• Sports Injury: People with active lifestyles are not exempt from lower back problems. Contact sports, or activities that involve a lot of jumping and pivoting can cause severe lower back strain if you’re not careful. Back injuries are not worth playing through—the pros don’t even do it.


Young Boy Drooling Over a Doughnut

Photo Courtesy: Pawel Loj

The human body produces two types of cravings: hunger and appetite. Hunger is the physiological side-effect of some type of nutrient deficiency in the body. For example, when you start feeling fatigued, irritable, or lightheaded, it is likely because your body requires nutrient-rich food (e.g. protein, fiber, complex carbohydrates, vitamins and minerals, etc.). Appetite, on the other hand, can be produced by social and emotional factors, such as boredom, depression, or social eating.

The problem for most people is that they can’t distinguish between the two, and often mistake appetite for hunger. And given that many of the foods that spark appetite contain sparse nutrients, your body requires more of that food until it has taken in all the nutrients it requires. What results then is an overindulgence of unhealthy food.

If you’re hungry, and you have the choice between an apple and a brownie, remember you’ll never get enough of that which does not satisfy.


Close-Up of a Young Girl Pinching Around a Pimple on Her Cheek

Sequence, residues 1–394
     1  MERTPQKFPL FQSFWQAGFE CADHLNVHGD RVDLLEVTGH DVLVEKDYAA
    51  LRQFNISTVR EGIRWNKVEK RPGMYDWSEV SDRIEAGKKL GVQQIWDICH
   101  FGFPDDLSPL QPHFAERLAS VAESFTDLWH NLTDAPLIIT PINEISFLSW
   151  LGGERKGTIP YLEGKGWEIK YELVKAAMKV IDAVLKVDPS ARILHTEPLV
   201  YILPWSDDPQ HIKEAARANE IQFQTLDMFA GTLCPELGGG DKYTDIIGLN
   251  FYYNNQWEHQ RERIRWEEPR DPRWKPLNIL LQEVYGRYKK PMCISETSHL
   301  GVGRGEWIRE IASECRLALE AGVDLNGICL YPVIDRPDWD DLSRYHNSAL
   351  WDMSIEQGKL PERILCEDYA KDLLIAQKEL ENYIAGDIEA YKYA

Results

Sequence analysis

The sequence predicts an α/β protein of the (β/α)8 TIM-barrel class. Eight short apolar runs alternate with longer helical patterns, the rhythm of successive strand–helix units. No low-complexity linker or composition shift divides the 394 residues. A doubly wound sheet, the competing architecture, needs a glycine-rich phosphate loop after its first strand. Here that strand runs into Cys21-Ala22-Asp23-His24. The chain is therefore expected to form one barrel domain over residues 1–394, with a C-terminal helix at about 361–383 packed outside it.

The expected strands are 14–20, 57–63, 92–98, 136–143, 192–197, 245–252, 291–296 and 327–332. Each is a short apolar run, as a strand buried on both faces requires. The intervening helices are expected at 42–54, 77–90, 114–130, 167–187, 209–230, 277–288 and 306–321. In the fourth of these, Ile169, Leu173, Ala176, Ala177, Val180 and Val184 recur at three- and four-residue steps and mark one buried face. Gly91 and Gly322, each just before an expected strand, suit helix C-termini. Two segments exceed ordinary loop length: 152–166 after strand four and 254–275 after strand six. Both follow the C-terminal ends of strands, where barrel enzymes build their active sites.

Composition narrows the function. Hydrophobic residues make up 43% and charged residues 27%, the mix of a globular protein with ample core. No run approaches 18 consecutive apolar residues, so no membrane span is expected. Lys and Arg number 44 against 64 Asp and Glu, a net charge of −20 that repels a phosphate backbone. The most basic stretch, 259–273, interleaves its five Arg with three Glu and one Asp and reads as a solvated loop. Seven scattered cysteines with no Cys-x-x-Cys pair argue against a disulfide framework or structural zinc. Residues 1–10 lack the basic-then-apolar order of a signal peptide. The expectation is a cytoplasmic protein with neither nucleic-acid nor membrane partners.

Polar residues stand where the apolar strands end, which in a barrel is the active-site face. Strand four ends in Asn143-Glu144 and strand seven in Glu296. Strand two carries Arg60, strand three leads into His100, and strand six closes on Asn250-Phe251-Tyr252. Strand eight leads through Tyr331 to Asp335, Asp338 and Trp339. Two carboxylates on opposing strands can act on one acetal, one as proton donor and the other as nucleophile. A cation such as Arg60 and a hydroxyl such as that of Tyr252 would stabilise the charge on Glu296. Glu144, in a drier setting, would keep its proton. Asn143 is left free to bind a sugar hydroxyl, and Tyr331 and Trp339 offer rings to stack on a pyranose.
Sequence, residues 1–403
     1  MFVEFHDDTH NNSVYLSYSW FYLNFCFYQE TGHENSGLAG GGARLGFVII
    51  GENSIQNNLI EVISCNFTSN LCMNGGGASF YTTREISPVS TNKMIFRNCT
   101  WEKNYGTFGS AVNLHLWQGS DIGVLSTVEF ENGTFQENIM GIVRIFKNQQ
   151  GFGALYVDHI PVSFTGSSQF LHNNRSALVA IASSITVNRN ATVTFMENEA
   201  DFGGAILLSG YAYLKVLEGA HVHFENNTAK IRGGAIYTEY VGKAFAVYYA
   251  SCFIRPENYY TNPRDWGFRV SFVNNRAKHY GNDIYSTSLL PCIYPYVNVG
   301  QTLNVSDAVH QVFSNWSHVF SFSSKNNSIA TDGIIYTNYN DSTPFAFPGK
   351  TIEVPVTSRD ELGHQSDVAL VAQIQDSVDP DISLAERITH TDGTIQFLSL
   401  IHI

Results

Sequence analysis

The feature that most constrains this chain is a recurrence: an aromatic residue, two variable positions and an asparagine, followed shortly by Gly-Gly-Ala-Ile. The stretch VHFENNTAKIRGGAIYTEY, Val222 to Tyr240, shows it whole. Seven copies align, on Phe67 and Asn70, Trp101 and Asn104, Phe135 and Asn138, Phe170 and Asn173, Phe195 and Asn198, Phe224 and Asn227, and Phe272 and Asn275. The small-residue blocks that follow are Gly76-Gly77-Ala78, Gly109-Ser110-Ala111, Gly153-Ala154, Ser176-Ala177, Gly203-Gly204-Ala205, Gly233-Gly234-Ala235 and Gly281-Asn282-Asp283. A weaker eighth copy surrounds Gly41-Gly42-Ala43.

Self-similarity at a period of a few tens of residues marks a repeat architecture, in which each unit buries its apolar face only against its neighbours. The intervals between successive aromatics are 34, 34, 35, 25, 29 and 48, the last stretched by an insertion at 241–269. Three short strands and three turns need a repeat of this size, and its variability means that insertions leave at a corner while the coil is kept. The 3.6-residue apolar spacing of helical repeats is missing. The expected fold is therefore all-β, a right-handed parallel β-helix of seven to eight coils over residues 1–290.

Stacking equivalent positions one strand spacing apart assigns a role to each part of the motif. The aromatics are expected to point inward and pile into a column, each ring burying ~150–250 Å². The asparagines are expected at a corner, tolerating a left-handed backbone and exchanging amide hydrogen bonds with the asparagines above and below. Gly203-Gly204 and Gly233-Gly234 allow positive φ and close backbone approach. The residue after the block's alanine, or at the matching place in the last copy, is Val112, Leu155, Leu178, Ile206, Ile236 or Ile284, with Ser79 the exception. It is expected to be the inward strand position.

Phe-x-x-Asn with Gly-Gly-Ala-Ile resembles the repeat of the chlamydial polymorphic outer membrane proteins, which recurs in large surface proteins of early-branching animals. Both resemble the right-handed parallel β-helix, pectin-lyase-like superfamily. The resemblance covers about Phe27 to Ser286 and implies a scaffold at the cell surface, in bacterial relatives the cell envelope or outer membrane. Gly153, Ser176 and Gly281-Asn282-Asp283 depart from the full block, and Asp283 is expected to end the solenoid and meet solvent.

Photo Courtesy: Saluda UdeA

When your body experiences a hormonal or chemical imbalance, the symptoms will often manifest themselves in the form of acne. And while you could spend hundreds of dollars on expensive creams and washes, you might be better served by understanding the root causes, genetics aside:

  • Stress: If you already have acne symptoms, stress can make it worse. One stress response is the production of sebum, the oily substance that mixes with dead skin cells and bacteria to produce pimples. Constant picking as a result of stress can also cause infection, scarring and additional breakouts.
  • Diet: Excessive levels of glucose (sugar) in the bloodstream causes inflammation at a cellular level. This, in turn, triggers a hormonal response in the form of acne. Nutrient-rich foods, on the other hand, reduce this inflammation.
  • Hygiene: Many people believe that chemicals and washes that dry out the skin is the best way to fight acne, but this is simply not true. Acne is often brought on in response to dry skin. When the body detects the skin drying out, it produces sebum to moisturize the skin, which consequently produces acne. Lotions and soaps that moisturize the skin can protect against breakouts.


Maybe the YOLO (you only live once) crowd is right in the sense that you really only get one body in this life. Listen to it, take care of it, and make your life a long and happy one!


Joseph CarneyJoseph Carney is a sports fanatic and loves writing about anything competitive. His degree is in health and wellness and he also freelances as a personal trainer. Joseph keeps up to date on the latest in sports, health, and fitness. He also writes for Nurse TV, who work to provide personal medical assistance to a world-wide audience.